Skip to main content

News photographer in Iraq accused of insurgent ties

  • Story Highlights
  • U.S. military says it has "irrefutable" evidence Bilal Hussein linked to insurgents
  • U.S. has detained AP photographer Hussein in Iraq since April 2006
  • His case expected to be heard in Iraqi court system later this month
  • AP says Hussein being denied due process; calls on U.S. to release him
  • Next Article in World »
From Mike Mount
Decrease font Decrease font
Enlarge font Enlarge font

WASHINGTON (CNN) -- The U.S. military says it has "convincing and irrefutable" evidence that an award-winning Associated Press photographer is connected to the insurgency in Iraq.

The photographer, Bilal Hussein Zaidon, faces charges in the Iraqi Central Court based on the evidence, Pentagon officials said Monday.

Pentagon spokesman Geoff Morrell and other U.S. military officials would not say directly what charges he faced. They referred reporters to the Iraqi court system.

Hussein, an Iraqi who lives in the western Anbar province city of Ramadi, has been held without charge by the U.S. military since April 2006, when bomb parts and insurgent propaganda were found in his house after the U.S. military asked to use it as an observation post during an operation.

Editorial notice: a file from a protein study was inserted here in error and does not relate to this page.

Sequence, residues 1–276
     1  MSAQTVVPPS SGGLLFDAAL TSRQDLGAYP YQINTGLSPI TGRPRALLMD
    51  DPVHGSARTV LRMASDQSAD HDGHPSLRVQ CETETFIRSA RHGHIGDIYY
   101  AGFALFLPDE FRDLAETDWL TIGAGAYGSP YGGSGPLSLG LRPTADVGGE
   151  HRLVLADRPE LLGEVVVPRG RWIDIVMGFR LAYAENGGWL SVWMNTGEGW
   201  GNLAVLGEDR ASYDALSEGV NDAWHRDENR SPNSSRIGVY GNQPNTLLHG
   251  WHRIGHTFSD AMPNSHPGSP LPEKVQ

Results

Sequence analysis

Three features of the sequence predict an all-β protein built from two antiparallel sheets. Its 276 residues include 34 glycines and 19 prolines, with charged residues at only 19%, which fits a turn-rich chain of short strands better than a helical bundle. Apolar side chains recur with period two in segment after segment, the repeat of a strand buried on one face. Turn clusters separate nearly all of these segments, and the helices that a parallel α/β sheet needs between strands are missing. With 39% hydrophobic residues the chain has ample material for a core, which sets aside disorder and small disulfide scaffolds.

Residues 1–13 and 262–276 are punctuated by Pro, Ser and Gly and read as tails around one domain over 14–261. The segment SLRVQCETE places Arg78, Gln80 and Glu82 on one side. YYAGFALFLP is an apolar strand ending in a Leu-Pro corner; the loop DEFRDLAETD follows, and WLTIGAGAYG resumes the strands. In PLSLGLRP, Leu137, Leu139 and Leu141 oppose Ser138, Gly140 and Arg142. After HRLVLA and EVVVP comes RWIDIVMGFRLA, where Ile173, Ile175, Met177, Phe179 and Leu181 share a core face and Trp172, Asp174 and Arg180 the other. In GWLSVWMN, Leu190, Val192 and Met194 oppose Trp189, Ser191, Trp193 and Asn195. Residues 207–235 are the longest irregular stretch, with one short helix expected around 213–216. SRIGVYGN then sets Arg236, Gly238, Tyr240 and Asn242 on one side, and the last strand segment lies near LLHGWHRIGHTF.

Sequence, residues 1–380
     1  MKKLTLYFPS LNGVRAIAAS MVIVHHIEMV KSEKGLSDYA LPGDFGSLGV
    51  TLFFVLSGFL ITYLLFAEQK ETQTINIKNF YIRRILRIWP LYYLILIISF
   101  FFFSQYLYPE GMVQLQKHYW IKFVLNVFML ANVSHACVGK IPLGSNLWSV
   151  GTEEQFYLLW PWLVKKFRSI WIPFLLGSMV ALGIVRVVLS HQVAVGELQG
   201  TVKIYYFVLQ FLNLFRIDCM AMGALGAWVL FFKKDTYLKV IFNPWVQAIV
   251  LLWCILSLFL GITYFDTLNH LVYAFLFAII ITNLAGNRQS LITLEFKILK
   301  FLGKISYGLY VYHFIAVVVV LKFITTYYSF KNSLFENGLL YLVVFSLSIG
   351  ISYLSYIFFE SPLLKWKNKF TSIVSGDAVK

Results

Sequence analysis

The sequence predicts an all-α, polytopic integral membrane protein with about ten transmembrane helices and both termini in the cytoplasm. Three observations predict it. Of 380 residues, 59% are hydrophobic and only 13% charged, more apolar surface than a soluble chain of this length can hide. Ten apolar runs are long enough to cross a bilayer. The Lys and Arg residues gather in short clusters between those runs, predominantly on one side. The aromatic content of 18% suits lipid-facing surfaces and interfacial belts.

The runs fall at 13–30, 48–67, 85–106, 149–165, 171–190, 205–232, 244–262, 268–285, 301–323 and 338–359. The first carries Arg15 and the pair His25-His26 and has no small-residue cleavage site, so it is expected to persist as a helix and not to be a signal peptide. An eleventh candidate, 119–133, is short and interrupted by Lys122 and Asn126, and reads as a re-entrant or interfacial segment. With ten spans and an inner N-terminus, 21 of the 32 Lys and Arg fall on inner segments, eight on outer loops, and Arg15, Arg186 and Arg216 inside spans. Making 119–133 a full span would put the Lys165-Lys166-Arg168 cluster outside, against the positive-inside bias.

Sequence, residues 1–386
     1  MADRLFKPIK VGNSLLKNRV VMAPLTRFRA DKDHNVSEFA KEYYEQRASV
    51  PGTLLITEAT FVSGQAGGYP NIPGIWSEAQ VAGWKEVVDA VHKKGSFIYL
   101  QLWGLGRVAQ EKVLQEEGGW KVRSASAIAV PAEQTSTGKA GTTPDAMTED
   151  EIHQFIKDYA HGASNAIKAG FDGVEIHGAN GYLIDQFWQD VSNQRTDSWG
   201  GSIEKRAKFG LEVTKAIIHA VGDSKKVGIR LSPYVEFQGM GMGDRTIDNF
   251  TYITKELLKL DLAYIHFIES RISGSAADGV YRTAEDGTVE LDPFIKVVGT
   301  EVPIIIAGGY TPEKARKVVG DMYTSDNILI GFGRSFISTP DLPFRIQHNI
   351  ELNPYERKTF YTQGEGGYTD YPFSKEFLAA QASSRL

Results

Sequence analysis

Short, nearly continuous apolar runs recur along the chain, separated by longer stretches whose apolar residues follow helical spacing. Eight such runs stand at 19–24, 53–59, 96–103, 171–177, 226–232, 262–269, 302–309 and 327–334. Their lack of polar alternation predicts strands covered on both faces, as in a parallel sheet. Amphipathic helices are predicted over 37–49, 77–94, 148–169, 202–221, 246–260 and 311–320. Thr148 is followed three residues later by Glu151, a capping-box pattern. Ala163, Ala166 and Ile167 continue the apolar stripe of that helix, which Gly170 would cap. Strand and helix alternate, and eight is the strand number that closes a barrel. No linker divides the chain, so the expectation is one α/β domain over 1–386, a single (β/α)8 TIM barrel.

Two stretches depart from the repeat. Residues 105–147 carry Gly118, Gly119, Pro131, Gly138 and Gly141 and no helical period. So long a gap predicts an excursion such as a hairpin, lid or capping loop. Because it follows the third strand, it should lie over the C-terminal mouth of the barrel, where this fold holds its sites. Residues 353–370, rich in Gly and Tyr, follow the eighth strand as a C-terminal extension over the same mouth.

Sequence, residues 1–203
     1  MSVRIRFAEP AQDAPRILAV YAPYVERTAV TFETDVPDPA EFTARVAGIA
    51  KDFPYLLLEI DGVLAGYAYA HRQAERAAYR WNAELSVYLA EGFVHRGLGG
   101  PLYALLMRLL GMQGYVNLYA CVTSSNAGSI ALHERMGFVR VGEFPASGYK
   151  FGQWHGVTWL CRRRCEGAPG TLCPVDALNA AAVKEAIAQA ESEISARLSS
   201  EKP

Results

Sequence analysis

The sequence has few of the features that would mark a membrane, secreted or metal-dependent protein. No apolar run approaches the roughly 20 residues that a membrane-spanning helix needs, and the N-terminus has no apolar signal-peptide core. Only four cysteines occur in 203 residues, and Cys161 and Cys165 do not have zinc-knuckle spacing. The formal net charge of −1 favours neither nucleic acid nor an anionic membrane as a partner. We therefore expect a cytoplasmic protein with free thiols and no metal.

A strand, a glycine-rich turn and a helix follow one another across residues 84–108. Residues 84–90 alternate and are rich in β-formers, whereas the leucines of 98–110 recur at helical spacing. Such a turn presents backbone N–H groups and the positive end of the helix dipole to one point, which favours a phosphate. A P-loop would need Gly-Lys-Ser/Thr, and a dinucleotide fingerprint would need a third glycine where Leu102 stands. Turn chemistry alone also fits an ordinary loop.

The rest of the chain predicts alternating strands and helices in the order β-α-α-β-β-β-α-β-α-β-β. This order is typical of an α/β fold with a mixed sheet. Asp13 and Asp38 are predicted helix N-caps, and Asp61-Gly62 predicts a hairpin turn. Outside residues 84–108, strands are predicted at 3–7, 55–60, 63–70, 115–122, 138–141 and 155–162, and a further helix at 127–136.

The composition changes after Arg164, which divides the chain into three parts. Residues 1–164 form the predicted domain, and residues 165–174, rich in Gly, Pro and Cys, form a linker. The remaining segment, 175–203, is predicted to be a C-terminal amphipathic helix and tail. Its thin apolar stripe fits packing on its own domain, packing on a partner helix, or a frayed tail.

Hussein was already under suspicion by the U.S. military because he arrived at terrorist attack sites so quickly that they suspected he had advance knowledge of attacks, according to Morrell.

Morrell said the reason for the delay in charging the man was that "additional evidence had come to light that the man was a media operative who had infiltrated The Associated Press."

Morrell said the Iraqi court system would hold a hearing later this month to determine if there was enough evidence to continue to trial.

Hussein is being held by the U.S. military in Iraq.

Don't Miss

AP chief executive officer and president Tom Curley said the agency has "grave concerns" that Hussein's rights are being "ignored and even abused" and called on the United States to release the photographer.

"The steps the U.S. military is now taking continue to deny Bilal his right to due process and, in turn, may deny him a chance at a fair trial," Curley said. "The treatment of Bilal represents a miscarriage of the very justice and rule of law that the United States is claiming to help Iraq achieve."

One of Hussein's photographs was among a series of 20 AP photographs that won the Pulitzer Prize for breaking news photography in 2005. E-mail to a friend E-mail to a friend

All About Iraq

  • E-mail
  • Save
  • Print